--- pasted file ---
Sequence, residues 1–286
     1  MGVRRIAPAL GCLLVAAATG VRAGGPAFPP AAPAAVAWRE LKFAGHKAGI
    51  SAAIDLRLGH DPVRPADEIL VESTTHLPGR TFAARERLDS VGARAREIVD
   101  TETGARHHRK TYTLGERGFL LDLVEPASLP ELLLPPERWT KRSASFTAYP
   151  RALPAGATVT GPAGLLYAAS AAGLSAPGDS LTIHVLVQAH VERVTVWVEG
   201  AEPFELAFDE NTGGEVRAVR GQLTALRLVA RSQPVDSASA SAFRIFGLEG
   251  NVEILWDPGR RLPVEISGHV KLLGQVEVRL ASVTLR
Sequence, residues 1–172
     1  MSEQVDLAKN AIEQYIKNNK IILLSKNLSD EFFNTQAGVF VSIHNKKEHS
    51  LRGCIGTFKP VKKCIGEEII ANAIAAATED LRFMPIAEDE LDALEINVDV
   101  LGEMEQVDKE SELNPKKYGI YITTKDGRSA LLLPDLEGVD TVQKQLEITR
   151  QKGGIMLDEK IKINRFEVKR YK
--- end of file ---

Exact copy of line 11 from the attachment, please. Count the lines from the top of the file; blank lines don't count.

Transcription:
   101  LGEMEQVDKE SELNPKKYGI YITTKDGRSA LLLPDLEGVD TVQKQLEITR